BASEBALL 2014: Rookie managers make up for inexperience with modern thinking

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What is new is the hiring of managers without any coaching experience. Weiss, Ausmus, the Chicago White Sox’s Robin Ventura and the St. Louis Cardinals’ Mike Matheny all were hired without having held any coaching responsibilities in the majors or the minors.

Matheny’s hiring might have been the most surprising. A longtime catcher who played for the Cardinals from 2000 to 2004, he was stepping in to replace Tony La Russa the season after the Cardinals won the World Series and would be managing players he once played with.

“He just trusts his players, puts us in positions to succeed as often as possible, takes no credit for the stuff he does great, [and] takes all the credit for the stuff we do bad, which for a manger to do that is selfless,” said Cardinals pitcher Adam Wainwright, who debuted the season after Matheny left St. Louis as a player. “But he’s just a great leader. He has a quiet confidence about him that we all respect, and we want to follow that.”

For decades, the path to the manager’s office was blazed through the minor leagues, and some still take that route. Ryne Sandberg managed the Chicago Cubs’ Single-A, Double-A and Triple-A teams before being hired as the Philadelphia Phillies’ manager in September.

Rick Renteria, hired by the Cubs on Nov. 7, followed a similar trail. He spent 11 seasons in the Florida Marlins’ organization as a manager and an instructor before latching on as the San Diego Padres’ bench coach in 2011.

A former infielder, Renteria tried to address his weaknesses by filling out his staff with coaches of different backgrounds. Among those he hired was Jose Castro, who will help the Cubs with scouting and defense. Castro was Renteria’s mentor in 1998, when Renteria began managing with the Brevard County Manatees.

“If you have people that are supporting you, it makes it a little easier,” Renteria said. “It’s still difficult because you’re still learning who you are. You’re still trying to put yourself, and what you bring to the table, into that position. I think the biggest thing I always brought, quite frankly, was a positive attitude and it’s kind of served me well.”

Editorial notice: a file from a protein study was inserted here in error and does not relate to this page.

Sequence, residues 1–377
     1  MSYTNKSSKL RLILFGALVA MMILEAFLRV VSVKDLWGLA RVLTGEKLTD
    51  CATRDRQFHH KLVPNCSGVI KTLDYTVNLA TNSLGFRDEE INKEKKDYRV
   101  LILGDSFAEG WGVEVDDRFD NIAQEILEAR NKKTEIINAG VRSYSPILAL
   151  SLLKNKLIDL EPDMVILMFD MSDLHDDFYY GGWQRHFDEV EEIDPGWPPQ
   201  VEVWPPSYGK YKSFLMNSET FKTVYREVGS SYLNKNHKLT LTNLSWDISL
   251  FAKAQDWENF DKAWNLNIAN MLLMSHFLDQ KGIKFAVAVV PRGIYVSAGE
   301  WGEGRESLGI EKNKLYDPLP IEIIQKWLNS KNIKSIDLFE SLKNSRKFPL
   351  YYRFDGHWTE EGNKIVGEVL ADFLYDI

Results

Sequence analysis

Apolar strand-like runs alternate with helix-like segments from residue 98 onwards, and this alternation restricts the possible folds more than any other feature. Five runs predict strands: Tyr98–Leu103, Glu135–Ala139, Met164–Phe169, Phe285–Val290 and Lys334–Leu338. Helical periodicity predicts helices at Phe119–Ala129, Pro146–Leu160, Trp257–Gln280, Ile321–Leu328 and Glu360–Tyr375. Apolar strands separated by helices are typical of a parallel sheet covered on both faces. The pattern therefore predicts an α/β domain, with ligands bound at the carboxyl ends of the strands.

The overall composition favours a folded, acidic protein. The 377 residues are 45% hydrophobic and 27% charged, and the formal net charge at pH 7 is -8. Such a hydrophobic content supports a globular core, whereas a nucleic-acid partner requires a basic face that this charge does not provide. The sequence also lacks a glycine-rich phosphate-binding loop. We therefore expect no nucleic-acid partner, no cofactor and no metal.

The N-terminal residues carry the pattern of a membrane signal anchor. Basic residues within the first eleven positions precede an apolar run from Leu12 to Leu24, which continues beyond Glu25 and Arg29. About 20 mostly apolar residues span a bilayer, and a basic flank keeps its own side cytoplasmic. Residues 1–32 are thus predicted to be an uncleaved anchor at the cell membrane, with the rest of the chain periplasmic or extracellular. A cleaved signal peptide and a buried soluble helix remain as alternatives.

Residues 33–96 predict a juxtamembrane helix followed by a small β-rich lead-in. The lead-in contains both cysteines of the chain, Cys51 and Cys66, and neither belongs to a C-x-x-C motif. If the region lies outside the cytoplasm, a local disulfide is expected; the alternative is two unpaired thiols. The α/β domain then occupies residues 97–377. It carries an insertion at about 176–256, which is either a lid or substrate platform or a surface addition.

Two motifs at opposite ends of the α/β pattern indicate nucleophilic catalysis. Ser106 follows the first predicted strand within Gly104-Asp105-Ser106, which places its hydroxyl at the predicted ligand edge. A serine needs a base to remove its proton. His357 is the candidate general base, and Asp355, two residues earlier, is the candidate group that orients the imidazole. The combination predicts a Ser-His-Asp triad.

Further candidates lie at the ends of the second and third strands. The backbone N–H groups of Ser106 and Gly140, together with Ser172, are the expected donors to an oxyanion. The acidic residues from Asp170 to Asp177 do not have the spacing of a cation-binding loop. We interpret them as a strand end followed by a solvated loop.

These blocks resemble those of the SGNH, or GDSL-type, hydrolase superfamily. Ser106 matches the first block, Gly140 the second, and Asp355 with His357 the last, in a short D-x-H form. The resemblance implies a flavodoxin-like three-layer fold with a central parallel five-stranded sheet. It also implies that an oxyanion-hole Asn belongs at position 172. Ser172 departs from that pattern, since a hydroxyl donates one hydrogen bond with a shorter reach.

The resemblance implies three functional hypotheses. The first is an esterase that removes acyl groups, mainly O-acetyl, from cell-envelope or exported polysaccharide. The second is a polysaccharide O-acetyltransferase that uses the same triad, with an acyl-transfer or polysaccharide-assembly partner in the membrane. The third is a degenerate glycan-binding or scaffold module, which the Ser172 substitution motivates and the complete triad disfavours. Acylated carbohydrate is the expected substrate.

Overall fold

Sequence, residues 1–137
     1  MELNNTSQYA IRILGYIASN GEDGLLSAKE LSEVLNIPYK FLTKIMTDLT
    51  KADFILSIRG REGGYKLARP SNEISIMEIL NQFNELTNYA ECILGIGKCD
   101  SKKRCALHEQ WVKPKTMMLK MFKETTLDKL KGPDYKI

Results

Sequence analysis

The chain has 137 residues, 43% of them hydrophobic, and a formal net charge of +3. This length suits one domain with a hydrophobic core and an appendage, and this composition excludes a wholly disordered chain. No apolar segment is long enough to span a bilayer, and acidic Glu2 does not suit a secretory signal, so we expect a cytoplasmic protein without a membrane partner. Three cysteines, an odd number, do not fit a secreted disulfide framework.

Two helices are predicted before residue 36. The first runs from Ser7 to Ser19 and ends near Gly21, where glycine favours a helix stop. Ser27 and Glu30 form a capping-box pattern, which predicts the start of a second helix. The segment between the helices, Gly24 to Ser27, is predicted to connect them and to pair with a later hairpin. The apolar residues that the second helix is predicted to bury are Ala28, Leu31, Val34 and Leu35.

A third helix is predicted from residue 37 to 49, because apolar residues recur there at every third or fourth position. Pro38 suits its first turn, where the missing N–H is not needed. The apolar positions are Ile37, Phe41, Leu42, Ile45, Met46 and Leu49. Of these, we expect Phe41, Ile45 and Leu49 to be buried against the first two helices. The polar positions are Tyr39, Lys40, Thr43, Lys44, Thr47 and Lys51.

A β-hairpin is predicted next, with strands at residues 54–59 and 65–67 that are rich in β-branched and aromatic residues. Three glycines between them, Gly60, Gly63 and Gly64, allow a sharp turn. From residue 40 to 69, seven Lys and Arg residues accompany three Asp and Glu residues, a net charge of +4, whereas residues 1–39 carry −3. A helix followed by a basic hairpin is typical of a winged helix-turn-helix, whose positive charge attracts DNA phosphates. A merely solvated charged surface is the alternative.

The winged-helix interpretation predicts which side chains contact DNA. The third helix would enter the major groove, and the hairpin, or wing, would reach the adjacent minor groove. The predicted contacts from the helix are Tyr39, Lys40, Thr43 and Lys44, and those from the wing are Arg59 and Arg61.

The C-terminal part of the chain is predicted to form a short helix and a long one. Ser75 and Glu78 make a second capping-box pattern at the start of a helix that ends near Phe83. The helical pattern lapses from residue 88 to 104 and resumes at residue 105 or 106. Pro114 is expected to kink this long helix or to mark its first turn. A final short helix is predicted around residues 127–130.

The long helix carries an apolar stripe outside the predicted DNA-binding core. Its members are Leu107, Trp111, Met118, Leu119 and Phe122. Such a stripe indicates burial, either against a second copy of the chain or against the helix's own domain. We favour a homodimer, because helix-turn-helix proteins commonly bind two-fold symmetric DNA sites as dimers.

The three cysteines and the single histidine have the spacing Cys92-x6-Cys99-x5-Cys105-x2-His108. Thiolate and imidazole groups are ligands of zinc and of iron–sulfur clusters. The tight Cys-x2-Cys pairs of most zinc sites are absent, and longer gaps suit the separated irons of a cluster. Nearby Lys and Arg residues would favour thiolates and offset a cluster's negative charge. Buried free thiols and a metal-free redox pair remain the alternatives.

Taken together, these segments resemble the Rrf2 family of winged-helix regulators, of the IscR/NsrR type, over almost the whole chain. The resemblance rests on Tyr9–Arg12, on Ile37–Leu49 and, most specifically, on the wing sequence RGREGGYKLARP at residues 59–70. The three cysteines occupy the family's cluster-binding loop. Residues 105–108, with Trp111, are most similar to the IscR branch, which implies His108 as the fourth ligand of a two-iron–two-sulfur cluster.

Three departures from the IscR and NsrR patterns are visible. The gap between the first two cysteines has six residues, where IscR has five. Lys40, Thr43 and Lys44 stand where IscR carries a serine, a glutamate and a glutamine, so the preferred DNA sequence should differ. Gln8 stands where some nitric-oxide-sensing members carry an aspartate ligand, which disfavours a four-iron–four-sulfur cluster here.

No weak links

Ventura was 17 games into his first season with the White Sox in 2012 when he faced a classic managerial dilemma. His team was trailing the Oakland Athletics by two runs in the ninth inning, and with two outs and a runner on first, Ventura tabbed Adam Dunn to pinch hit for Alex Rios.

Based solely on the matchup, Ventura thought Dunn, a lefty, stood a better chance than Rios against the Athletics’ right-handed closer, Grant Balfour. Rios was 0-for-3 with a strikeout that night, but entered with an 11-game hitting streak and had three hits in each of the previous two games.

“Coming out of [spring training], I thought he was probably our best hitter,” Ventura said.

“But, he was scuffling at the time” — and the manager paused, shaking his head — “and I knew it when I did it.”

Dunn took the first two pitches from Balfour before a pair of strikes knotted the count at 2-2. On the fifth pitch, Dunn lunged at a 91-mph fastball low and outside. The Athletics won.

Ventura immediately apologized to Rios and promised he would never make a similar mistake.

Earning respect from players may be the most crucial part of a manager’s longevity, and such respect can be affected by more than game management. If a manager loses the clubhouse, he likely will lose his job.

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